When a certain topic is prevalent enough to be addressed by at least EIGHT separate government agencies with specific information dedicated to education, it is clearly a very important matter. One topic with this level of coverage is that of heat safety illness and prevention, and it gets a great deal of attention from a wide range of health, safety and meteorology-based agencies. Certainly, this attention is warranted, as the National Weather Service (part of the National Oceanic and Atmospheric Administration, or NOAA) notes that heat is one of the leading weather-related killers in the United States, resulting in hundreds of fatalities each year and even more heat-related illnesses.
In fact, heat results in more fatalities than any other weather-related cause, even hurricanes or floods. Cooling can play a key role in proactively mitigating heat in the workplace and at home that leads to a safer environment. This is why our team is dedicated to sharing how portable evaporative coolers provide a solution to hot environments where traditional A/C is impractical.
Below, we list each agency website in addition to www.weather.gov (as noted above) and their link to specific resources. You’ll find that many of the agencies often post links to each other. This entwined network of educational downloads helps to reiterate the danger of heat, offer preventative measures and provide actionable steps in the case of extreme heat.
Worker safety related to heat safety is addressed by the:
U.S. Department of Labor – Occupational Safety and Health Administration (OSHA): In addition to a wide-variety of resources and guidelines designed to aid employers in ensuring they protect American workers in their work environments, OSHA offers a free OSHA Heat Safety App for both Android and iPhone to assist employers in assessing extreme heat danger in real time.
Centers for Disease Control and Prevention (CDC) – The National Institute for Occupational Safety and Health (NIOSH) –This agency is focused on “Promoting productive workplaces through safety and health research.” NIOSH has published criteria for a recommended standard for occupational heat stress and offers a document that includes recommendations for employers on how to prevent heat-related illnesses. Resources include NIOSH Fast Facts: Protecting Yourself from Heat Stress and the associated NIOSH heat stress fact sheet.
Consumer safety around heat safety is addressed by the:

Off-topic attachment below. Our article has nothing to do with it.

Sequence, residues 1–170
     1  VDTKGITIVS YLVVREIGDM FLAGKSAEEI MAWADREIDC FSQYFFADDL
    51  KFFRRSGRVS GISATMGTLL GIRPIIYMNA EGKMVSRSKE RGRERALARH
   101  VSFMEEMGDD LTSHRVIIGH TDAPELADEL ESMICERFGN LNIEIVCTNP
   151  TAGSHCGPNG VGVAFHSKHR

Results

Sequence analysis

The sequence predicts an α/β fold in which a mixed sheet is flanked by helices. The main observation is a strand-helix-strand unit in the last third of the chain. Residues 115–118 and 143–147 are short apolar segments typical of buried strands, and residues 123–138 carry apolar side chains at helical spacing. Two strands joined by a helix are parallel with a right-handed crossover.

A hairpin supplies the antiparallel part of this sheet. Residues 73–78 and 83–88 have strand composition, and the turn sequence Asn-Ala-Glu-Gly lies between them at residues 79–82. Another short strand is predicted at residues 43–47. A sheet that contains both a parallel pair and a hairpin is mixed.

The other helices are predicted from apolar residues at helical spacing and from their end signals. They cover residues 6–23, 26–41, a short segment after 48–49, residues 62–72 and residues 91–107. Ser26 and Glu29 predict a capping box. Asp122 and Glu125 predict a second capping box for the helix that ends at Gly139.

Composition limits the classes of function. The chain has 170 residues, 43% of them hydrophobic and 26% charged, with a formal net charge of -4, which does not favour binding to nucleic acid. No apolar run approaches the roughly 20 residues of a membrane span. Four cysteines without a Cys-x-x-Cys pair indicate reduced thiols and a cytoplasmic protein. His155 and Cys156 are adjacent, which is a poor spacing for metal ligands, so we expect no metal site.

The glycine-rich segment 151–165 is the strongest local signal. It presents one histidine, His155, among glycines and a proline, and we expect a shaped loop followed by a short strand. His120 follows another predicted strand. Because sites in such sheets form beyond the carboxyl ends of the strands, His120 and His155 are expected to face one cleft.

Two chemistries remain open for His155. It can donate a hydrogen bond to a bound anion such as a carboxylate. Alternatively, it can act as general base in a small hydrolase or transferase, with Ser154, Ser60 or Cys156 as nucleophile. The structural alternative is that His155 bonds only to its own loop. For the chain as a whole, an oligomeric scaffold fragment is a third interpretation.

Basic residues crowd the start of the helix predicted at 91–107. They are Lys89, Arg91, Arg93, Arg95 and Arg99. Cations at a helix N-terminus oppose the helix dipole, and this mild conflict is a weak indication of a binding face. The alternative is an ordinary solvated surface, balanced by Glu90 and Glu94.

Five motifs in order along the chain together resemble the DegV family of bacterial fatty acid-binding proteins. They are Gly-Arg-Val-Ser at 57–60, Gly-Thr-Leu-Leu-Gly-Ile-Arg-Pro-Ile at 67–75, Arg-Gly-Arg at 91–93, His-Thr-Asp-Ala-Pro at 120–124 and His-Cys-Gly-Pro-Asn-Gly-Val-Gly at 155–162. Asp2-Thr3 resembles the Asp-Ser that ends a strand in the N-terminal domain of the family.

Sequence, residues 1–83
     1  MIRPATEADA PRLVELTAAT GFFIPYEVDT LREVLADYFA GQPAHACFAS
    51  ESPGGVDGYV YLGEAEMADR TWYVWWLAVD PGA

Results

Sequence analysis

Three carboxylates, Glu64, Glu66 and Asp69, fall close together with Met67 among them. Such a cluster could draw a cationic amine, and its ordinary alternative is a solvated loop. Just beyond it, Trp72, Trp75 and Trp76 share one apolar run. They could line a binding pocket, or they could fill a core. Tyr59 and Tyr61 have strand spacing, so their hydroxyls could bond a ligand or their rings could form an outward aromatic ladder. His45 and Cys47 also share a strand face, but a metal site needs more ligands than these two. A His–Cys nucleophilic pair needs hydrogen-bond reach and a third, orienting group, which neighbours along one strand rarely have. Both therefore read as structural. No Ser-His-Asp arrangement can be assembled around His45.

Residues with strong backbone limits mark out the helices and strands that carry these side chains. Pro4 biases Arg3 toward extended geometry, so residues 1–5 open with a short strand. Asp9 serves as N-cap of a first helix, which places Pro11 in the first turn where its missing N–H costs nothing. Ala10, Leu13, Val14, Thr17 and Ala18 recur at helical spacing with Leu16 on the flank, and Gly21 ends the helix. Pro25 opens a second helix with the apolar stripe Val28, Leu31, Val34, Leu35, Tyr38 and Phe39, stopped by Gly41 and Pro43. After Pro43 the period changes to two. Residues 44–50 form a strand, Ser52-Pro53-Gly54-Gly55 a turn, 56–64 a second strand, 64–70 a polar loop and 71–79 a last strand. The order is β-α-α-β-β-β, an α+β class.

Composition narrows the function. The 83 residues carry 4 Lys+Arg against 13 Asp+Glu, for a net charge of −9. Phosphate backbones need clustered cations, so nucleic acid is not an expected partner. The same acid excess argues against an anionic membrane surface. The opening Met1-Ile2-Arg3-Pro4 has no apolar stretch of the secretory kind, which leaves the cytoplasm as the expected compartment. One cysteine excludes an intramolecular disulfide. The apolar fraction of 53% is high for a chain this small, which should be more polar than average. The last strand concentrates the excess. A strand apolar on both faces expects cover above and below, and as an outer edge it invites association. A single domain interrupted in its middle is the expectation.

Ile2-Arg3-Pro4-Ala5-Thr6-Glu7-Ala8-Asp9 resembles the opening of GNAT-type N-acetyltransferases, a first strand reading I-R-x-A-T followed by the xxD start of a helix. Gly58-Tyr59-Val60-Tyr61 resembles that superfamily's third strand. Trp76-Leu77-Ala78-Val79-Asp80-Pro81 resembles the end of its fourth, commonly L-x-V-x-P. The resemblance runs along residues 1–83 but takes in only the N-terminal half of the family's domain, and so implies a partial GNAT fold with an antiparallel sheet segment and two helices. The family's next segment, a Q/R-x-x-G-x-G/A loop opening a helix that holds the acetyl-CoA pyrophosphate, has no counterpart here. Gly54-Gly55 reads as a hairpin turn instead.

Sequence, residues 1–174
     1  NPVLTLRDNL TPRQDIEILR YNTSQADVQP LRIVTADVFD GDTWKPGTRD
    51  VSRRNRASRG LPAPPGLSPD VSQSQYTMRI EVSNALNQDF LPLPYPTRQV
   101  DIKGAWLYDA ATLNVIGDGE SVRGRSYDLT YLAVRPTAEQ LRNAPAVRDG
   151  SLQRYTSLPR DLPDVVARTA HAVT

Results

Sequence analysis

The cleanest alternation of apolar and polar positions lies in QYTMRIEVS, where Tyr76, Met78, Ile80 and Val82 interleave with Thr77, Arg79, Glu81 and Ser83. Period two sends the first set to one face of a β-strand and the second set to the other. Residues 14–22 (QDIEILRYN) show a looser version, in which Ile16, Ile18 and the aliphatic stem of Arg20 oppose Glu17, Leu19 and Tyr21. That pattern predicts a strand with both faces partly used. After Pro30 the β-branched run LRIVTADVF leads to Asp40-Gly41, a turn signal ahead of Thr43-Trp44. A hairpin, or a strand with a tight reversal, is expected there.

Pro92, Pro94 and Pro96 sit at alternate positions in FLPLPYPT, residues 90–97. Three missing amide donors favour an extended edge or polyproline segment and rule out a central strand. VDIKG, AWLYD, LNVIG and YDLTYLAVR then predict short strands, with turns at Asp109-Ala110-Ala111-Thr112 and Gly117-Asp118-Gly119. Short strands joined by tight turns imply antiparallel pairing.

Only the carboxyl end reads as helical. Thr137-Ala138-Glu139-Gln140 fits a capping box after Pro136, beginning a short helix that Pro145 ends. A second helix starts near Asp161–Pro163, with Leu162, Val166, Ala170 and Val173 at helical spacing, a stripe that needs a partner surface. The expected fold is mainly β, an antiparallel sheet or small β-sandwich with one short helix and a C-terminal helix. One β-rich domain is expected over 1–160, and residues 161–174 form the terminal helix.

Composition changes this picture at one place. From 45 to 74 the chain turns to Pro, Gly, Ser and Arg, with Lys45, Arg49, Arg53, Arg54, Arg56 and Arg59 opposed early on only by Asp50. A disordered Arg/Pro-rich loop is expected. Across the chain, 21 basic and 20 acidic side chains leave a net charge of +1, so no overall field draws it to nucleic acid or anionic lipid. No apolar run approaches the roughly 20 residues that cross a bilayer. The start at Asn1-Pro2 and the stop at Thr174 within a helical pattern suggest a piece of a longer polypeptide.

Environmental Protection Agency (EPA) and the Centers for Disease Control and Prevention (CDC) – To help combat heat stress illness and fatalities, the EPA and CDC section focused on “Climate and Health” have developed an electronic booklet entitled Climate Change and Extreme Heat: What You Can Do to Prepare. This 20-page booklet defines extreme heat and addresses various heat-related topics, including a projection for the future of extreme heat conditions, who is most at risk from extreme heat and what can be done to minimize the risk of heat illness.
US Health & Human Services – Public Health Emergency – After emergencies such as hurricanes, this website emphasizes how often temperatures and humidity both remain high in many areas following hurricanes. As you storm clean-up begins, ensure steps are taken to prevent heat-related illnesses. Their tips and guidance are listed here as part of the Office of the Assistant Secretary for Preparation and Response (ASPR): https://www.phe.gov/about/aspr/pages/default.aspx. The site also links back to the CDC.
National Integrated Heat Health Information System (NIHHIS) – The NIHHIS is a jointly developed system by the CDC and the NOAA. The NIHHIS is an integrated system that builds understanding of the problem of extreme heat; defines demand for climate services that enhance societal resilience; develops science-based products and services from a sustained climate science research program; and improves capacity, communication and societal understanding of the problem in order to reduce morbidity and mortality due to extreme heat.
Substance Abuse and Mental Health Services Administration (SAMHSA) – People with mental illness (including older adults and those taking prescription medications that impair the body’s ability to regulate temperature) can also be at increased risk of disease and death in extreme heat. The Substance Abuse and Mental Health Services Administration provides helpful information for serving these populations.